Unless you’re a film buff, you’d be forgiven for not having an awareness of art house cinema. My own knowledge of the genre is fairly limited, as my interest in it was only piqued after watching Lars Von Trier’s Melancholia. The key criteria for the form are rather loose: a film can be categorized as “art house” if it is experimental in nature and prioritizes artistic intent over mass appeal. In other words, it is not produced for profit but for the satisfaction of the filmmaker’s creative impulse.
These principles manifest themselves clearly in Von Trier’s film. On a superficial level, it is about the end of the world. Yet, Trier’s idiosyncratic direction means the film presents this in a wholly unexpected way. Melancholia is really Trier’s way of expressing the inhibiting effects of depression on life and creativity. The film’s structure allows for this, with Trier relaying the story through the perspectives of two very different sisters. The film’s pace is very slow and consequently it does not target a mass audience but rather a more niche market, in conformity with art house convention.
As a consequence of this, art house films don’t always make for easy watching. Stanley Kubrick’s adaptation of Anthony Burgess’s A Clockwork Orange was met with much controversy when first screened–and certainly it is not a film for everyone–but the film is heralded today for pushing the boundaries of cinema. This is not to say, however, that art house films cannot achieve commercial success.
It would create a damagingly exclusive culture to insinuate that only those with an extensive knowledge of cinema would enjoy an art house film. For instance, the Godfather trilogy has garnered both critical acclaim for its innovative approach and widespread appeal.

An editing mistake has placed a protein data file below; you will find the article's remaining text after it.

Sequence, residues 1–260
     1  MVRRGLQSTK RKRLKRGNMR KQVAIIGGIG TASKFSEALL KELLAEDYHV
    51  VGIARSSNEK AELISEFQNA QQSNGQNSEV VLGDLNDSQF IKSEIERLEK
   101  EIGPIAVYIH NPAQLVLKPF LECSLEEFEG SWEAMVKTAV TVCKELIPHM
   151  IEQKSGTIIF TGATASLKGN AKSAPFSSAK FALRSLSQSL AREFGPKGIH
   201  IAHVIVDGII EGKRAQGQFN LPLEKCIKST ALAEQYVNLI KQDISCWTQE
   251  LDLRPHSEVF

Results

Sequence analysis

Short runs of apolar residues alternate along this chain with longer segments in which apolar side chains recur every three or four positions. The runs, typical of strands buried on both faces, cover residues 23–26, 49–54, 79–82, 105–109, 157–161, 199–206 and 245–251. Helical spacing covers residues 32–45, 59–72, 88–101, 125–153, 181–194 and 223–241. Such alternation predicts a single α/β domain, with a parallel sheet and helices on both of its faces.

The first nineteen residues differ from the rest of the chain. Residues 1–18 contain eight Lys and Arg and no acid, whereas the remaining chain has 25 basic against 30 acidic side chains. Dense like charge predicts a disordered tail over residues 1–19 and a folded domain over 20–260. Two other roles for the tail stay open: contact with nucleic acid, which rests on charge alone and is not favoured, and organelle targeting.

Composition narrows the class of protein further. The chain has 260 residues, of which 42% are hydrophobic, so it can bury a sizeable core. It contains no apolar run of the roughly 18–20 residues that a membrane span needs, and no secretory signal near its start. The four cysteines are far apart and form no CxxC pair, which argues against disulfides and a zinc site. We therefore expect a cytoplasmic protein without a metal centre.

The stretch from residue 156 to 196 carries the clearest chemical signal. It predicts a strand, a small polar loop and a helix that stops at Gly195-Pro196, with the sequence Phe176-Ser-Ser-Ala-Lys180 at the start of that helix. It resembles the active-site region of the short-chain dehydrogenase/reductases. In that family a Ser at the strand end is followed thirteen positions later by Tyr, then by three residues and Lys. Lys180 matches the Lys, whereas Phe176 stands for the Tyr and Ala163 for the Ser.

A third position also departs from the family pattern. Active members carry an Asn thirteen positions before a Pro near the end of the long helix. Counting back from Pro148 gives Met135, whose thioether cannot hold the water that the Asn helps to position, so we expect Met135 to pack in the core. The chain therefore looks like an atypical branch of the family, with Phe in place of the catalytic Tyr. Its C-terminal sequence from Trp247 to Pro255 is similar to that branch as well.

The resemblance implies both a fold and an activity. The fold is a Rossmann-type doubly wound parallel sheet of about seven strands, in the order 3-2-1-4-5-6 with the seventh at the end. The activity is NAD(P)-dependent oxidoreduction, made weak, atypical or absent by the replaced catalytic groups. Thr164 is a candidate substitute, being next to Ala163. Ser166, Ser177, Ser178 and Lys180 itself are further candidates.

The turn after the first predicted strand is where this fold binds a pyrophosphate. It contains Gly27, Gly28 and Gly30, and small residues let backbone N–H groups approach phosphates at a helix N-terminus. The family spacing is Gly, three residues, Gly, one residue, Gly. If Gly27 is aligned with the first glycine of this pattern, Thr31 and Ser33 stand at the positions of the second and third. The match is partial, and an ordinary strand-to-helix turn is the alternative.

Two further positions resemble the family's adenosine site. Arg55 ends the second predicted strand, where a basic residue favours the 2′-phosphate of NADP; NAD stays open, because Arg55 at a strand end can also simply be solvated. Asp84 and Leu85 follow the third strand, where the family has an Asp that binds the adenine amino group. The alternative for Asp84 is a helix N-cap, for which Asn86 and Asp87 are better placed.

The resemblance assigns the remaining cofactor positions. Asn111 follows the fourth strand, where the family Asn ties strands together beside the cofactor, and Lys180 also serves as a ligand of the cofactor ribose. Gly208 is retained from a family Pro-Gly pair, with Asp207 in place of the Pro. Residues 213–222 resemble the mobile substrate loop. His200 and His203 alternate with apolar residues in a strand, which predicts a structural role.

What makes art house cinema most appealing for me is the fact that it differs so greatly from the typical Hollywood formula. The director retains significantly more control over the film, having the freedom to adhere to his vision without having to adapt to pressures from studios.
Vitaly Sumin’s cinematic adaptations of Dostoyevsky’s works can certainly be labelled as “art house”; Sumin rejects the traditional approach of recreating the well-loved author’s works to the letter, opting instead to translate the universal themes to modern day. His latest film Dostoyevsky Reimagined: The Making of Notes from the New World, due to be released soon, will perhaps conform to art house principle even more closely, precisely (and ironically) because it is so atypical in its approach and themes. The film explores the struggles involved in making an independent film, highlighting the fact that what occurs behind the scenes is often as interesting as what happens on screen. This in itself is enough reason for me to hotly anticipate the film. The world of cinema is so oversaturated with formulaic and predictable films–we need art house cinema to ensure that the medium is constantly evolving for the better.